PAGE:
New Year’s resolutions can be a great way to improve yourself and your life. But they tend to have a big failure rate with most people abandoning their resolve by February. Ironically, the best way to sabotage your New Year’s resolutions is to call them resolutions. I’ll explain why in a minute. If you want your ‘resolutions’ to stick in 2012, this guide will show you how.
New Year’s Goals?
At any other time of the year, we’d call it a “goal”. For some reason, if you set a goal at the beginning of the year, it’s called a ‘resolution’. Resolutions tend to focus on behavior change (ie. spend more time with the kids) whereas goals tend to outline a specific achievement (ie. run a marathon). The difficulty with the word “resolution” is it gives you permission to be vague about your goals. You say, “I resolve to exercise more” or “I resolve to be a better friend”. It sounds good, but it’s not very concrete. Ditch the word “resolution” and call it a New Year’s Goal.
There are two critical factors when setting and achieve good goals:
- Your confidence in your ability to make the changes
- Your level of commitment to achieving the goal
If you address these success factors, your ability to change your life in the new year is increased.
1. Change The Way You Think
In order to change your behavior, you need to answer this question: “Why do I behave the way I do now?” Unless you address the root cause of what drives your behavior and choices, long-term change will be elusive. The truth is it’s your thought habits, especially at the subconscious level, that determine most of your choices and your behavior. So, whatever your resolutions, make sure you give yourself the support you need to change the way you think. Whether it’s positive affirmations, guided meditation, self-hypnosis, audio self-help, guided imagery, or subliminal downloads – if you want long-term success, you need to change the way you think.
2. Establish a Strong Commitment
Think beyond your goal and ask why you really want to achieve that goal. Ask yourself: What will I get if I succeed in this goal? Why do I want this? To help you lose weight, ask yourself what your weight loss will give you. It could be “I’ll be able to go running with my spouse again,” or “I’ll be able to play more with my kids”. Then take it to the next level: What’s the benefit of those things? With the example of weight loss, you might say, “It will give me the opportunity to spend more time with my spouse, which is hard since we’ve been so busy lately and we’ve begun to grow apart”, or “My kids will have more respect for me”. Go deeper and deeper into the why and you’ll discover your true motivation and inspiration. You’ll discover the commitment you need to succeed and overcome any obstacle.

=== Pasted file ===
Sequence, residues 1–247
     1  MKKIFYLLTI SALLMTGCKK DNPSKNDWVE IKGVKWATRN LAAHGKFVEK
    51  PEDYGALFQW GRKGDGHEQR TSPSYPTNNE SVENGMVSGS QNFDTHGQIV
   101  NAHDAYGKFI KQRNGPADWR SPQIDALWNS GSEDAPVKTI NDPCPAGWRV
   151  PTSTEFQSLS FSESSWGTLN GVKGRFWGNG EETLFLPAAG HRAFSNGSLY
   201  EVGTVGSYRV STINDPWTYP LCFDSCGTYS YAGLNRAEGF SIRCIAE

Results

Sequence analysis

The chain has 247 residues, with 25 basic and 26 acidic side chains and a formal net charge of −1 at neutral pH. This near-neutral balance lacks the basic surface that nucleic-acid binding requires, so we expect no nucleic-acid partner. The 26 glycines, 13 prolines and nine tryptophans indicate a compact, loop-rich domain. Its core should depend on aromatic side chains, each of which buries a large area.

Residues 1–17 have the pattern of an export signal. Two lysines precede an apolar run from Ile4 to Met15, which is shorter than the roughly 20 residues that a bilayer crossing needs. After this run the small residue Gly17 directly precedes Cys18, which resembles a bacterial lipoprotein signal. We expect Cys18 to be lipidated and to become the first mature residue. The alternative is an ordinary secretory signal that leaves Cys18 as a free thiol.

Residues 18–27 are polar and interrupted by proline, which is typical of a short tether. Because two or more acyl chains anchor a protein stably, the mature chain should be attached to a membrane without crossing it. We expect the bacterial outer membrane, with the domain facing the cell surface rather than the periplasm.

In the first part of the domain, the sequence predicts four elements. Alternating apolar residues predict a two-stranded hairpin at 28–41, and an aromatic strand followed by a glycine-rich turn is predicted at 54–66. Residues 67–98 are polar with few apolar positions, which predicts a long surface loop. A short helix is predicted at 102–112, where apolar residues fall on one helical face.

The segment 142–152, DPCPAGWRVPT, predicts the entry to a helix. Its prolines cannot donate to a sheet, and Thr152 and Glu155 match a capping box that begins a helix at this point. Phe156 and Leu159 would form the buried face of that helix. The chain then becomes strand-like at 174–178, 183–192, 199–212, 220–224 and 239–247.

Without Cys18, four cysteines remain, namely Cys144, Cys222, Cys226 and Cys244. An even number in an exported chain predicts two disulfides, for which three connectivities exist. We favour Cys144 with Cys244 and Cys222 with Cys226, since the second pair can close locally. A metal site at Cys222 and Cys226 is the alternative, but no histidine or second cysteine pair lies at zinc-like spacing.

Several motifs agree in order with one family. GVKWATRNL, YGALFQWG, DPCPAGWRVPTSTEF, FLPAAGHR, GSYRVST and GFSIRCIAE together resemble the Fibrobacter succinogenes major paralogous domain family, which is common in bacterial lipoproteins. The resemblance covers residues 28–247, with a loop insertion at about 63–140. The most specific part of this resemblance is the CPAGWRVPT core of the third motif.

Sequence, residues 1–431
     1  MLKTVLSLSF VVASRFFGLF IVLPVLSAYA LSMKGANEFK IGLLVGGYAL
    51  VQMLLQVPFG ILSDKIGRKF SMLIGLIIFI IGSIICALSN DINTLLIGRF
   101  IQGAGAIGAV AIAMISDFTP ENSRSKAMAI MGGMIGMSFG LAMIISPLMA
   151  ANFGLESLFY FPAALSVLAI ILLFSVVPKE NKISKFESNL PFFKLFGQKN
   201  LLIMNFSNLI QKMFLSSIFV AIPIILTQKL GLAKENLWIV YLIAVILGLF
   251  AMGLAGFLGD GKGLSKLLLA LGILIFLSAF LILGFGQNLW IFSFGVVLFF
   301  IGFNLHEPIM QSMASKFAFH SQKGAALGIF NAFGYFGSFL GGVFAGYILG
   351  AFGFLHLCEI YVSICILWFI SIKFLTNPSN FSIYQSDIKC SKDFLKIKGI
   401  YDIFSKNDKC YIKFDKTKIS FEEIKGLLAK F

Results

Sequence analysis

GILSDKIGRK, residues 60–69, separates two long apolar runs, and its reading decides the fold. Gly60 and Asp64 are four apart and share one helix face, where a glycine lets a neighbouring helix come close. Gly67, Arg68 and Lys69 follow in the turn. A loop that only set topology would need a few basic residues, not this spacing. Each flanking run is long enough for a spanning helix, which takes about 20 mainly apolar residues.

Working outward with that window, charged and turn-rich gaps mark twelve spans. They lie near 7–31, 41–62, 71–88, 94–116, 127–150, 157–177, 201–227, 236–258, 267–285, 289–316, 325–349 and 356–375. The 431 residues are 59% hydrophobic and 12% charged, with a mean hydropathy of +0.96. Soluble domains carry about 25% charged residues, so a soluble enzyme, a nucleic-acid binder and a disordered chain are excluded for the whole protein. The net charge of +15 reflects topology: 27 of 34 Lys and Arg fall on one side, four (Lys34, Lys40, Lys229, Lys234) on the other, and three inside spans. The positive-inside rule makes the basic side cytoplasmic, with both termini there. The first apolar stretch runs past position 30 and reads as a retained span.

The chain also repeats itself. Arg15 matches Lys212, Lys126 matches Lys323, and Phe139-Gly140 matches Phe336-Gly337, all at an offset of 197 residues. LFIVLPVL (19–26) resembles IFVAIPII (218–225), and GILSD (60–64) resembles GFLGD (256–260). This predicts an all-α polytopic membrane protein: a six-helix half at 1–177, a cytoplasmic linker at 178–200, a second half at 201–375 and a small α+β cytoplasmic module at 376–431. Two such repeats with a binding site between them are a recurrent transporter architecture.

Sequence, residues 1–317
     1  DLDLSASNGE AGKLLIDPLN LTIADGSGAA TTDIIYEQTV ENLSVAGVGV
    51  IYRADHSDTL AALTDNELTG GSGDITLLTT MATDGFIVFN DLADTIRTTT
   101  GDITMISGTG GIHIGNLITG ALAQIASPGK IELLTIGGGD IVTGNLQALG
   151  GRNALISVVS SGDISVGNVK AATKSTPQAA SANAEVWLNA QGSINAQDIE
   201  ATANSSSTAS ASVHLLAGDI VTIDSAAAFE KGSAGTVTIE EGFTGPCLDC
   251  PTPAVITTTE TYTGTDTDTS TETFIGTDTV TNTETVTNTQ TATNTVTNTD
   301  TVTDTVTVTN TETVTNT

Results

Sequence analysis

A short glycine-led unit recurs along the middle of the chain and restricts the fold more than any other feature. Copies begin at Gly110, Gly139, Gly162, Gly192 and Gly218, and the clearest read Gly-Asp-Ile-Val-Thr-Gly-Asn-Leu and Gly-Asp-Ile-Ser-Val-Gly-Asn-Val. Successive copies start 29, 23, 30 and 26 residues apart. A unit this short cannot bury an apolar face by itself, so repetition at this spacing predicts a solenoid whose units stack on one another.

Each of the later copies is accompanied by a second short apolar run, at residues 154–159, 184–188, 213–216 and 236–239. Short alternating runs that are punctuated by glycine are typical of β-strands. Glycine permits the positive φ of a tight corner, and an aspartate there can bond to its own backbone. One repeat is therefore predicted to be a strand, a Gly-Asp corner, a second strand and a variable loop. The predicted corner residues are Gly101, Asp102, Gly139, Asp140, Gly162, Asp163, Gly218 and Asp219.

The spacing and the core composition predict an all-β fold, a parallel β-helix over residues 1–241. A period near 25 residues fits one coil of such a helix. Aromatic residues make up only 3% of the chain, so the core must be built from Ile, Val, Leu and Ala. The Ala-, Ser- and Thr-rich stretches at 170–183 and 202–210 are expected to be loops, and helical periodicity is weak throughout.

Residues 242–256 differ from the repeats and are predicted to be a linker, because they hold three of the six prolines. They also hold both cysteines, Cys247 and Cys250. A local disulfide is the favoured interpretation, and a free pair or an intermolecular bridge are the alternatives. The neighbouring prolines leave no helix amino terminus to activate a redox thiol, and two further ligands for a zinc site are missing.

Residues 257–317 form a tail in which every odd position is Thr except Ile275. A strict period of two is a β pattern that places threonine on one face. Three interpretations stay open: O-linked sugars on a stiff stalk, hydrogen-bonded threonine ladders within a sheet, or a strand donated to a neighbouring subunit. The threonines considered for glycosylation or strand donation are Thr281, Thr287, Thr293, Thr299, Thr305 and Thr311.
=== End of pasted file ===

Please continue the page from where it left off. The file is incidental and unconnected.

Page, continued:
3. Don’t Do It All At Once
Another problem with the term “resolution” is it implies you only set goals at the beginning of the year. We all have improvements we’d like to make in our lives. But if you set all your ambitious goals at the beginning of the year, you’re setting yourself up for failure. It’s important to find the time to address each of your goals. You’ll be more successful if you don’t ask too much of yourself at one time – especially if your goal requires persistence and will power. If you spread out your resolutions, it will improve your chances of success. For example, if you want to lose weight and get a new job, don’t do both at once. The stress of finding a new job will make it harder for you to stay on your diet.
4. Set The Right Goals
Don’t wait until New Year’s Eve to set your goals. Take your time. Good goals should be reinforced every day, not on one night. If you outline your goals and think about them for a few days, you’ll find some won’t seem as important. It’s also a good idea to collaborate. Talk to people who know you and get their opinion of the goals you are setting. Their perspective can help you think through what’s really important. This process will help you set goals you can confidently achieve.
5. Share Your Goals
Talk about your goals with people who will be supportive and hold you accountable. To make things easier, arrange a nagging schedule. It may be uncomfortable for friends and family to ask you about your progress toward your goal. If you establish a regular nag schedule, friends will be more likely to ask about your progress and offer support. You can even nag yourself with a strategically placed note on your bathroom mirror or other visible spot. Remind yourself about the reasons you want this goal. A daily reminder or routine will reaffirm your commitment to reaching your goal.
Not Just for New Year’s. For Life.
Remember, goals are a process, not a one-time effort. They are a chance to change the way you live. Start setting your goals today because one thing is for certain: next year won’t be any better unless you do something to make it better.